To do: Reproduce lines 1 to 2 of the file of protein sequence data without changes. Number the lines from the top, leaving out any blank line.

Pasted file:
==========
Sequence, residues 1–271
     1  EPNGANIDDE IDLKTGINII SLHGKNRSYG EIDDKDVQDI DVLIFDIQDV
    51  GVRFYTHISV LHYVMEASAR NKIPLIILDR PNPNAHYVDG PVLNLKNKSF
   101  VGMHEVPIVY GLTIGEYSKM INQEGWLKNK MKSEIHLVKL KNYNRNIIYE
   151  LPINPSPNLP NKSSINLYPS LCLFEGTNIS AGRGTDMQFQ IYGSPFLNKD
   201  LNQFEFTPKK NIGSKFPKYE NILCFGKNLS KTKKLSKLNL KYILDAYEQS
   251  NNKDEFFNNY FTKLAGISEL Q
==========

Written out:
Sequence, residues 1–271
     1  EPNGANIDDE IDLKTGINII SLHGKNRSYG EIDDKDVQDI DVLIFDIQDV